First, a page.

INDIANAPOLIS, INDIANA, US — Corteva Agriscience and BASF have agreed to a long-term collaboration to cross-license soybean traits, while developing complementary herbicide technologies, enabling both companies to offer innovative soybean weed management solutions for producers worldwide.

Through the collaboration announced Aug. 30, Corteva and BASF aim to meet farmers’ demand for tailored weed control options differentiated from those on the market or in development. As a result, both companies anticipate a spark in novel product offers with increased access to the global $7.1 billion soybean seeds and traits market, as well as the $5 billion soybean herbicide market. The first market introduction is planned in North America with additional locations to follow.

“This cooperation is a milestone for us to expand our position in the soybean market,” said Dr. Peter Eckes, president, R&D and regulatory of BASF Agricultural Solutions, based in Limburgerhof, Germany. “The trait collaboration with Corteva harnesses each of our strengths and allows both companies to maximize value creation in our respective seed brands and industry-leading herbicide pipeline.”

Corteva will combine a proprietary protoporphyrinogen oxidase (PPO) gene licensed from BASF with its portfolio of herbicide tolerant traits, including Corteva’s proprietary 2,4-D choline gene, to develop a new trait stack for soybeans. The stack will include tolerance to four herbicide modes of action, or distinct mechanisms to achieve control. Together they will provide a new, effective and flexible option to help control the most problematic weeds. This innovative herbicide tolerance stack is expected to be available in all Corteva seed brands. Corteva has licensed the stack to BASF for use in BASF seed brands and also anticipates licensing the trait stack to additional seed companies. 

The new soybean trait stack coming from the cooperation will include tolerance to both Corteva and BASF herbicides: BASF’s Liberty (glufosinate-ammonium), Corteva’s Enlist herbicides (2,4-D choline with Colex-D technology) and BASF’s PPO inhibiting herbicides, Kixor and Tirexor, as well as a new PPO inhibiting herbicide under development by BASF. The stack also will include tolerance to glyphosate. The agreement allows both companies the opportunity to recommend the other’s herbicide solutions to help ensure farmers have the tools best suited to effectively manage weeds.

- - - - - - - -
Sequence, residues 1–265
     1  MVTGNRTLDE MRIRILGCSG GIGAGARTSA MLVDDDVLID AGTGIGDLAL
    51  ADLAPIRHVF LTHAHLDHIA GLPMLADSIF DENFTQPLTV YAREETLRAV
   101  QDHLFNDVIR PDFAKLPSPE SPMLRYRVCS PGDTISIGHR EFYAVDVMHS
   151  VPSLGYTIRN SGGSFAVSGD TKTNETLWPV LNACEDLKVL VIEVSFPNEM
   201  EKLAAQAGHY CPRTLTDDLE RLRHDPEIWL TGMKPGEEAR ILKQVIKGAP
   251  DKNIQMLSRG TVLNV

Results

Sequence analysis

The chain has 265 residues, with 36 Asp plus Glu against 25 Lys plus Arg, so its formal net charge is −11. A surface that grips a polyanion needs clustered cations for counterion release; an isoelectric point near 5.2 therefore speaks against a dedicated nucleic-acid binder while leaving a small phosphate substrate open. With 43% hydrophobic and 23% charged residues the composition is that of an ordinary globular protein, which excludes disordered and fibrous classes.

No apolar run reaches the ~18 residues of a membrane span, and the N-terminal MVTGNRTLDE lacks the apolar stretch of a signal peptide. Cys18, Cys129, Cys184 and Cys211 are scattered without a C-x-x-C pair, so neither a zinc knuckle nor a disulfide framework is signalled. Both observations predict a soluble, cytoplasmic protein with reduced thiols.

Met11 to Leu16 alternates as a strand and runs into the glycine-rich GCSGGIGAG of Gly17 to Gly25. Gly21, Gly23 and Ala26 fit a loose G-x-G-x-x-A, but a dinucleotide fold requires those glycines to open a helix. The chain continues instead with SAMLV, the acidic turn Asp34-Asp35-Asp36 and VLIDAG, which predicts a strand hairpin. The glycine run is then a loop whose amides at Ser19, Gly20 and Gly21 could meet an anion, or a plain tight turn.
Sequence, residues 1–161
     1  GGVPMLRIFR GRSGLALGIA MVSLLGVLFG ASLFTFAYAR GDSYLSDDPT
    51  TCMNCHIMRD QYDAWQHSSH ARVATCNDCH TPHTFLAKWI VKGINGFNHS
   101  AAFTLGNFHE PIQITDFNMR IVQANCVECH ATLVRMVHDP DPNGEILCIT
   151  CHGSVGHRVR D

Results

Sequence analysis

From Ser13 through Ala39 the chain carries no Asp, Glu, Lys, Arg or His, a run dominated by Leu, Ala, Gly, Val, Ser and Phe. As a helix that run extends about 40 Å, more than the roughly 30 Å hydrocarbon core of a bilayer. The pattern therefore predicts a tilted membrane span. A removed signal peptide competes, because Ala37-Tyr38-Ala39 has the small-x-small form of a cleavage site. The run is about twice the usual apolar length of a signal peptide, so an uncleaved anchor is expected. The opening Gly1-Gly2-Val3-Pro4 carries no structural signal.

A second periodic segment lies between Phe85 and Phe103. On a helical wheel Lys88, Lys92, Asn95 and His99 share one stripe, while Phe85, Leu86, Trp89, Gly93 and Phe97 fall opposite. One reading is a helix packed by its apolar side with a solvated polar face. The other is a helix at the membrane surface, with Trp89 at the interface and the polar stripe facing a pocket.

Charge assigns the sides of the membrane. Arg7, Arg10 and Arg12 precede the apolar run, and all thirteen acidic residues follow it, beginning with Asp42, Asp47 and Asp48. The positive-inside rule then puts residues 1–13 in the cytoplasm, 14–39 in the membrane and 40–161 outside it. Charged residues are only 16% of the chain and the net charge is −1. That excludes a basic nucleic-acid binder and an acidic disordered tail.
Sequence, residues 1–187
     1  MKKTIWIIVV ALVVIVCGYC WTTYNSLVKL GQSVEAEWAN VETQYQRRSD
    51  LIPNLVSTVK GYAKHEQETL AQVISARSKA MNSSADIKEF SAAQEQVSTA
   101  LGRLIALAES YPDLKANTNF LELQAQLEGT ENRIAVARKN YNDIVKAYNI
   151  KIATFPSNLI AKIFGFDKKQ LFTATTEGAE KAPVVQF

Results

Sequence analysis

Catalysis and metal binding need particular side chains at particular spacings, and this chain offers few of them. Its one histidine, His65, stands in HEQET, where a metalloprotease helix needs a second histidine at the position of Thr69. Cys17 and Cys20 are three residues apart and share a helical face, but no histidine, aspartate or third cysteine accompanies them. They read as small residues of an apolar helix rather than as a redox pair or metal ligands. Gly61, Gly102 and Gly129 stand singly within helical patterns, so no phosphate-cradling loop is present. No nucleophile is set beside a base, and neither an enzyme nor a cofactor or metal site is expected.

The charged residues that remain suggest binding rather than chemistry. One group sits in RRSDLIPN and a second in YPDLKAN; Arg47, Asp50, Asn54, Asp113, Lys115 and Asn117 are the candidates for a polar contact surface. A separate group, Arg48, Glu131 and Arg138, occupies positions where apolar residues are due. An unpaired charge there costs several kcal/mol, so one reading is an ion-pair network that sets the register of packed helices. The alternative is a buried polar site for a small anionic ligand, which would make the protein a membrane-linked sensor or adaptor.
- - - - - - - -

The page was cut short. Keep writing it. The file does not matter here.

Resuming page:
The first launch of soybean varieties with the new trait stack is expected in the early 2030s in North America, pending regulatory reviews and completion of field testing. Both companies are exploring opportunities in additional regions where biotechnology crops are cultivated.

“We are pleased to work with BASF to bring important new innovations to soybean farmers,” said Dr. Sam Eathington, executive vice president, chief technology and digital officer at Corteva Agriscience, based in Indianapolis, Indiana, US. “Delivering additional sustainable options for weed control will add value to the Enlist weed control system, the fastest-growing herbicide-tolerant system in soybeans.”

While separate and distinct, this broad cooperation complements the companies’ recent announcement to develop Enlist E3 soybeans with BASF’s nematode resistant soybean (NRS) trait.

Longer-term agreements between Corteva and BASF are also in place to develop an additional soybean trait package that includes tolerance to BASF’s Liberty and PPO inhibiting herbicides, Corteva’s Enlist herbicides, glyphosate and another, entirely new herbicide mode of action under development at BASF. BASF will develop a new trait stack for soybeans for tolerance to five herbicide groups, including the cross-licensed 2,4-D choline gene from Corteva.